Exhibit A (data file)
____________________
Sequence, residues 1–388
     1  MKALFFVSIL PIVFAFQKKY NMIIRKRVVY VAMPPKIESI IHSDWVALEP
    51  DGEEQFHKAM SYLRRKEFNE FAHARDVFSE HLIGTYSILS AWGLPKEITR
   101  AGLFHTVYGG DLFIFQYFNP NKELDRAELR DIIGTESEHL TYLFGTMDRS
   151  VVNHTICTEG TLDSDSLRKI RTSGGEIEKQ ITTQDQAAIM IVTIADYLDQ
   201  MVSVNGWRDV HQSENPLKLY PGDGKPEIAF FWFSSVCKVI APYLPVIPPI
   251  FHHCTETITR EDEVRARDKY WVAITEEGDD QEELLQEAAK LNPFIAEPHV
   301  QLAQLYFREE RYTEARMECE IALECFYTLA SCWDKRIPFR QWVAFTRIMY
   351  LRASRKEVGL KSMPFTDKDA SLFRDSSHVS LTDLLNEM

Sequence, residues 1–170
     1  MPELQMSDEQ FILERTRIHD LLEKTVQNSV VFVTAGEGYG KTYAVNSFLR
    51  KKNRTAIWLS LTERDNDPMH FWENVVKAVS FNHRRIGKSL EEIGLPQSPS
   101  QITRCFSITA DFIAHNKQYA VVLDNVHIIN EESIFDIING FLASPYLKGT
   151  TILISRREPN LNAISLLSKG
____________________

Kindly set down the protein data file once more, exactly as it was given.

Sequence, residues 1–388
     1  MKALFFVSIL PIVFAFQKKY NMIIRKRVVY VAMPPKIESI IHSDWVALEP
    51  DGEEQFHKAM SYLRRKEFNE FAHARDVFSE HLIGTYSILS AWGLPKEITR
   101  AGLFHTVYGG DLFIFQYFNP NKELDRAELR DIIGTESEHL TYLFGTMDRS
   151  VVNHTICTEG TLDSDSLRKI RTSGGEIEKQ ITTQDQAAIM IVTIADYLDQ
   201  MVSVNGWRDV HQSENPLKLY PGDGKPEIAF FWFSSVCKVI APYLPVIPPI
   251  FHHCTETITR EDEVRARDKY WVAITEEGDD QEELLQEAAK LNPFIAEPHV
   301  QLAQLYFREE RYTEARMECE IALECFYTLA SCWDKRIPFR QWVAFTRIMY
   351  LRASRKEVGL KSMPFTDKDA SLFRDSSHVS LTDLLNEM

Sequence, residues 1–170
     1  MPELQMSDEQ FILERTRIHD LLEKTVQNSV VFVTAGEGYG KTYAVNSFLR
    51  KKNRTAIWLS LTERDNDPMH FWENVVKAVS FNHRRIGKSL EEIGLPQSPS
   101  QITRCFSITA DFIAHNKQYA VVLDNVHIIN EESIFDIING FLASPYLKGT
   151  TILISRREPN LNAISLLSKG